The goaltending situation in Boston doesn’t really need to be examined too deeply. Tim Thomas is coming off his second Vezina Trophy in three years and the Conn Smythe Trophy for playoff MVP. Also on the roster is 24 year-old Tuukka Rask, who started 45 regular season games in 2009-10, along with all 13 playoff games that year. Rask figured to be the Bruins starter coming into last season, but Tim Thomas pretty much led the league in peripheral stats from wire to wire, giving the Bruins no choice but to roll the guy enjoying a season for all-time. Rask still managed to make 29 appearances last year, but regressed with a record of 11-14-2 to go with a 2.67 GAA. His .918 save percentage was solid, but didn’t measure up to his own .931 from the previous season, nor to Thomas’ .938 last year. All in all, there’s no reason to expect the Bruins goaltending to be anything shy of top ten in the league this season, and that’s almost a worst-case scenario.
The thing I love about the Bruins is their ability to do it all. They play a physical style, but also have guys with great skill. David Krejci revealed himself as a sharp shooter in the playoffs, and Nathan Horton came up with huge goal after huge goal before meeting his season’s untimely end early in Game 3 of the finals. Everyone knows about Patrice Bergeron’s two-way game, and Rich Peverley adds some B-Table offense to the team. Nobody is quite sure what to expect from sophomore center Tyler Seguin this year, but he certainly made good of his few opportunities in last year’s playoffs. Seguin has the potential to be the best forward on the team, but it will probably take some time for him to get his grip on the little things that make a guy like Bergeron so effective.
Defensively, the Bruins blue liners sum up the team as a whole. They are big, bruising guys who can jump in offensively and contribute. The back end is obviously led by the big customs agent, 2008-09 Norris Trophy winner Zdeno Chara. But beyond Chara, the Bruins have minute chewer Dennis Seidenberg, who is defensively sound and a good enough skater and puck handler to factor big offensively as well. The rest of Boston’s defenders are less polished, but they all play a role. Johnny Boychuk can lay a big hit, and Andrew Ference makes sure not to get beat. Ference was plus-22 last season, and tallied two-thirds the number of points in the playoffs as he did in the regular season while playing only one-third the number of games. Then he, er, didn’t flip off the Montreal crowd in the first round of the playoffs. Joe Corvo’s best asset is his belief that he can shoot the puck 120 mph, but if the Bruins are smart Corvo won’t be called upon to do too much this season.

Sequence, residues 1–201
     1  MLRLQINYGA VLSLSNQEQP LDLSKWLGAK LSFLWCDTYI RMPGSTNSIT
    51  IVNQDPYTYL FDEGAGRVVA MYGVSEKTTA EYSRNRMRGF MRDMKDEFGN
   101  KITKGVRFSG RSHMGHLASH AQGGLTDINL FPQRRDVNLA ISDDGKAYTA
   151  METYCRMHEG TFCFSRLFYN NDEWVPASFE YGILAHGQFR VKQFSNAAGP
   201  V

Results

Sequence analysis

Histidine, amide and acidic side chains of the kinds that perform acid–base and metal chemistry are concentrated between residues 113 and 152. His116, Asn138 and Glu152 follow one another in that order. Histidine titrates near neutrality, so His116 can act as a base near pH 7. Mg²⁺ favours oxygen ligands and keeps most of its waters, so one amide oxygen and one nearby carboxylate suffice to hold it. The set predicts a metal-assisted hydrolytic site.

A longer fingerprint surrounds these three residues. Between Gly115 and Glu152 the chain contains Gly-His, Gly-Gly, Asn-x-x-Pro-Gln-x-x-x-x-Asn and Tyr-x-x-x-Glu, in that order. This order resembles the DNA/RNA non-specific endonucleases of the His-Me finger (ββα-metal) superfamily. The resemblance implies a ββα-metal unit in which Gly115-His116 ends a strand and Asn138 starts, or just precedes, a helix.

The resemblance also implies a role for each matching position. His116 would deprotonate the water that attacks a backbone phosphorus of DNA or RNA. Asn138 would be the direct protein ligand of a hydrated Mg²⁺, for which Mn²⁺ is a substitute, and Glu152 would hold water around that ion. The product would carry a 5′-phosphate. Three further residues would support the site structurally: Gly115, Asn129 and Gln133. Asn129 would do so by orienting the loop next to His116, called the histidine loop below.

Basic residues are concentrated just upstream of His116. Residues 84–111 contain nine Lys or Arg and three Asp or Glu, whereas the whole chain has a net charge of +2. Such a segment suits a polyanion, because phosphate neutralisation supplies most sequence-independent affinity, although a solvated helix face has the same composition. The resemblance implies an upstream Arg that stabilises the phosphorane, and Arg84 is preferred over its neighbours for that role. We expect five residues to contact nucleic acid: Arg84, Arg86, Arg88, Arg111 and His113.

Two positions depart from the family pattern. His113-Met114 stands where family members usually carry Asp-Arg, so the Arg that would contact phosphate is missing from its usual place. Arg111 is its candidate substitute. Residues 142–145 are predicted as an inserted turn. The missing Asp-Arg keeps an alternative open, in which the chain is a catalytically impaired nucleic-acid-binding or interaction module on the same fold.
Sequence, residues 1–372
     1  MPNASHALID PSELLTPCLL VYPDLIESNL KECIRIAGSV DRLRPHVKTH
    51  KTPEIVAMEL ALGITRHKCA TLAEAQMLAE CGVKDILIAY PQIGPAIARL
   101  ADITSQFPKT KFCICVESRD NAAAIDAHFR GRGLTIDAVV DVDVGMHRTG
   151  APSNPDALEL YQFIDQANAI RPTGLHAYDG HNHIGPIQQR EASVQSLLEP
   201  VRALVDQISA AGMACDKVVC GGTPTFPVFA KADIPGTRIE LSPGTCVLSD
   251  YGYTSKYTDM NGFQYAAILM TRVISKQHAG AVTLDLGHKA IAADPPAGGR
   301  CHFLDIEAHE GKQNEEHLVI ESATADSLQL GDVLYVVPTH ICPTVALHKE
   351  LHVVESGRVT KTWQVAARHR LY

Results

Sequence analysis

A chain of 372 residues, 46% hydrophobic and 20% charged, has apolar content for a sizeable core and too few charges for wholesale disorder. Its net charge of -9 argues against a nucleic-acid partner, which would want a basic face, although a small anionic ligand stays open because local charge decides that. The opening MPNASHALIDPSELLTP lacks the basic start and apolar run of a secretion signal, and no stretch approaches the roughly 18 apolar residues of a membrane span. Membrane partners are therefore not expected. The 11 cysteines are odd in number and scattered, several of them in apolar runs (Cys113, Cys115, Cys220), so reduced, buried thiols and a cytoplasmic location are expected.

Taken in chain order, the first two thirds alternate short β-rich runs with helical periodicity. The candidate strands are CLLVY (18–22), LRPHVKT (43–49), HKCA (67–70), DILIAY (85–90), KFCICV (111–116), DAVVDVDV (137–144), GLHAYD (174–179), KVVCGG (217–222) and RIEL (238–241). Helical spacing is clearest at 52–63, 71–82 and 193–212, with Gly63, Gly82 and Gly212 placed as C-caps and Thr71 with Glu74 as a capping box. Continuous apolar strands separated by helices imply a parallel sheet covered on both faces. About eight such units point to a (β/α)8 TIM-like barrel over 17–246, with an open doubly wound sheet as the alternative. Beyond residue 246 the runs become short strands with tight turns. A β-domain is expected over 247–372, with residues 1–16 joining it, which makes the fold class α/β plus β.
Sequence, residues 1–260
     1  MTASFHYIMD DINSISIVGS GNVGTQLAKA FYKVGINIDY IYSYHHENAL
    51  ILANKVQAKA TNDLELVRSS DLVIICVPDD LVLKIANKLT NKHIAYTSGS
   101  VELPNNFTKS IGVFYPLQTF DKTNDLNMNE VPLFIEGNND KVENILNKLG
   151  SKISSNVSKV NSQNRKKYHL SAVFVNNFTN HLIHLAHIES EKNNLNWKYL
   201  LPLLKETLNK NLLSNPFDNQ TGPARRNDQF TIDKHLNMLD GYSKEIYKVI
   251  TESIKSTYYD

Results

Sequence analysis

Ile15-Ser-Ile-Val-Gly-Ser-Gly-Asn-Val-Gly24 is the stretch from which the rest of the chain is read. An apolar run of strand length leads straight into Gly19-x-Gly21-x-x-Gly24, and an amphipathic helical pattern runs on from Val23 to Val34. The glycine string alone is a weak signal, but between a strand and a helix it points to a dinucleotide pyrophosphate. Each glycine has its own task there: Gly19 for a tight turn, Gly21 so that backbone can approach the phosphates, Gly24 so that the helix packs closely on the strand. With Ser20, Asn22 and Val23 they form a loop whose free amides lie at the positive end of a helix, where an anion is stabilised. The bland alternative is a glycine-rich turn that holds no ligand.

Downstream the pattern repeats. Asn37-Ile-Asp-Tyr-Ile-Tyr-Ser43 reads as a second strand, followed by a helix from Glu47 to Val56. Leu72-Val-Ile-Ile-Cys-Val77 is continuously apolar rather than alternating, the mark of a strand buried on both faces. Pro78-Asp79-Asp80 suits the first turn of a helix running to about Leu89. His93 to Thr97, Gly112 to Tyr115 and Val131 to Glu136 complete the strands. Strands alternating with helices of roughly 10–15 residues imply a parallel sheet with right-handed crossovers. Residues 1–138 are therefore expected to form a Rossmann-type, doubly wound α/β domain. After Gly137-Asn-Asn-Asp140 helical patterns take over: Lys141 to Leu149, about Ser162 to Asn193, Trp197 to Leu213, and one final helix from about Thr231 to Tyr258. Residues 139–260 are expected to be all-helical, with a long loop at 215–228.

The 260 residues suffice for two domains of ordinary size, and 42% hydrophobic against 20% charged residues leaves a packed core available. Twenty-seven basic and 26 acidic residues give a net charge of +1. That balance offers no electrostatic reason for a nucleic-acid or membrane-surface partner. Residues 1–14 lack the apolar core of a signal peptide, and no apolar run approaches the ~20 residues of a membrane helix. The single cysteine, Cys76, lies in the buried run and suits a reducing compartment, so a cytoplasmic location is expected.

Considering that the Bruins won the division by seven points last season before going on to win the league’s ultimate prize, I see no reason not to peg them as favorites in the Northeast this season.
2nd: Buffalo Sabres 2010-11: 96 points, 3rd in division
Buffalo and Montreal ended up tied behind the Bruins last year, and both teams ended up losing Game 7s on the road in the first round. But unlike Montreal, the Sabres went ape shit trying to land new players under the still new ownership of Pegula. The state of the franchise is a far cry from a few years ago when contraction or relocation seemed like a real possibility.
The reason I like Buffalo to finish ahead of Montreal this season is based on the idea that if two teams start out as equals (both had 96 points and lost in Game 7 of the first round last year), then the team that improves the most should be better in the near future. We’ll get to the breakdown of Montreal next, but the Sabres scored a couple of players in the offseason that signaled their ascent to free agent relevance, in case some people still hadn’t gotten the Pegula memo.
The biggest of the offseason grabs was German-born defenseman Christian Ehrhoff, who had spent the previous two seasons with the contending Vancouver Canucks. Ehrhoff’s new 10-year, $40 million contract has been much debated, but the fact is he’s a Sabre now, and that can’t be anything but good for Buffalo on both sides of the puck. Ehrhoff’s fluid skating and puck movement should increase the Sabres’ time of possession and create scoring chances that previously were given to the Sedins and company in Vancouver. Ehrhoff tallied 94 points and played at a plus-55 in his two seasons with the Canucks (159 games played).